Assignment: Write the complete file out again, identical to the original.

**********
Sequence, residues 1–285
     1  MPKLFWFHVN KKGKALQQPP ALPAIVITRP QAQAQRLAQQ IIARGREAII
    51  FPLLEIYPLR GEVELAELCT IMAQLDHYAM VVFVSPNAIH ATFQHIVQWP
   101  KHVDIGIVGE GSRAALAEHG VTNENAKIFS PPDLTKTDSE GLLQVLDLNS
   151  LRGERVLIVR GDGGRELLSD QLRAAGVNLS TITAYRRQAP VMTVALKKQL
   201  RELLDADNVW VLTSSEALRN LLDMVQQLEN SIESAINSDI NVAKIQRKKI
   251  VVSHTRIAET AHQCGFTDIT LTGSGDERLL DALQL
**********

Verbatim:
Sequence, residues 1–285
     1  MPKLFWFHVN KKGKALQQPP ALPAIVITRP QAQAQRLAQQ IIARGREAII
    51  FPLLEIYPLR GEVELAELCT IMAQLDHYAM VVFVSPNAIH ATFQHIVQWP
   101  KHVDIGIVGE GSRAALAEHG VTNENAKIFS PPDLTKTDSE GLLQVLDLNS
   151  LRGERVLIVR GDGGRELLSD QLRAAGVNLS TITAYRRQAP VMTVALKKQL
   201  RELLDADNVW VLTSSEALRN LLDMVQQLEN SIESAINSDI NVAKIQRKKI
   251  VVSHTRIAET AHQCGFTDIT LTGSGDERLL DALQL